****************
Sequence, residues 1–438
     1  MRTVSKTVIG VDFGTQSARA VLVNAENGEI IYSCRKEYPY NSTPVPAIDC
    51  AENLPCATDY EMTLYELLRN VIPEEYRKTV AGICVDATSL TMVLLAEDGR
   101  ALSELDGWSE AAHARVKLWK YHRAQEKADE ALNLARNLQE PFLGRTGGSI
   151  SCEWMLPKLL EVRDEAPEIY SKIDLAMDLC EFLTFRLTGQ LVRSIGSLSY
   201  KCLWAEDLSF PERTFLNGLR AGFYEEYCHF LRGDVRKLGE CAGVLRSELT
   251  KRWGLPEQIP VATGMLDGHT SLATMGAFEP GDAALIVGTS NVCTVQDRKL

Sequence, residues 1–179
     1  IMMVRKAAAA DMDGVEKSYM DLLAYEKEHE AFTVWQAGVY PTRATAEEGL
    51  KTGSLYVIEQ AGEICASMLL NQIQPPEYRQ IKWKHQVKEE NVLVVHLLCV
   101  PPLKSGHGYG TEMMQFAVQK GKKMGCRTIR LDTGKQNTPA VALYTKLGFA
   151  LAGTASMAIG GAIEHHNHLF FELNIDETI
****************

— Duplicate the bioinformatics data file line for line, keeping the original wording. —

Sequence, residues 1–438
     1  MRTVSKTVIG VDFGTQSARA VLVNAENGEI IYSCRKEYPY NSTPVPAIDC
    51  AENLPCATDY EMTLYELLRN VIPEEYRKTV AGICVDATSL TMVLLAEDGR
   101  ALSELDGWSE AAHARVKLWK YHRAQEKADE ALNLARNLQE PFLGRTGGSI
   151  SCEWMLPKLL EVRDEAPEIY SKIDLAMDLC EFLTFRLTGQ LVRSIGSLSY
   201  KCLWAEDLSF PERTFLNGLR AGFYEEYCHF LRGDVRKLGE CAGVLRSELT
   251  KRWGLPEQIP VATGMLDGHT SLATMGAFEP GDAALIVGTS NVCTVQDRKL

Sequence, residues 1–179
     1  IMMVRKAAAA DMDGVEKSYM DLLAYEKEHE AFTVWQAGVY PTRATAEEGL
    51  KTGSLYVIEQ AGEICASMLL NQIQPPEYRQ IKWKHQVKEE NVLVVHLLCV
   101  PPLKSGHGYG TEMMQFAVQK GKKMGCRTIR LDTGKQNTPA VALYTKLGFA
   151  LAGTASMAIG GAIEHHNHLF FELNIDETI